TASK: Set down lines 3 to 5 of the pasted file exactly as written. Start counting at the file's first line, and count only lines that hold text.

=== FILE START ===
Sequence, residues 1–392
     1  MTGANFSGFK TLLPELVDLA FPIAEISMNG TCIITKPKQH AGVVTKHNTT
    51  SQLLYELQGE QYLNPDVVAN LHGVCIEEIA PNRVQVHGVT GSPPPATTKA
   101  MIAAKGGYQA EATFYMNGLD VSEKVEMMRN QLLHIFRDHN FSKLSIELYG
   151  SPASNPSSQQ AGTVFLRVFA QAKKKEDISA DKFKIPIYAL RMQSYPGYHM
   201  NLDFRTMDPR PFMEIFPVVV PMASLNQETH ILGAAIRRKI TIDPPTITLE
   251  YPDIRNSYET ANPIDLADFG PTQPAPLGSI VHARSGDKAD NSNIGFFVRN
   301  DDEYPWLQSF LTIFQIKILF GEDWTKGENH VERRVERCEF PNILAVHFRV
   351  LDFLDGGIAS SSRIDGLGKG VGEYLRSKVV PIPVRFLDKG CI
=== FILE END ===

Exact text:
    51  SQLLYELQGE QYLNPDVVAN LHGVCIEEIA PNRVQVHGVT GSPPPATTKA
   101  MIAAKGGYQA EATFYMNGLD VSEKVEMMRN QLLHIFRDHN FSKLSIELYG
   151  SPASNPSSQQ AGTVFLRVFA QAKKKEDISA DKFKIPIYAL RMQSYPGYHM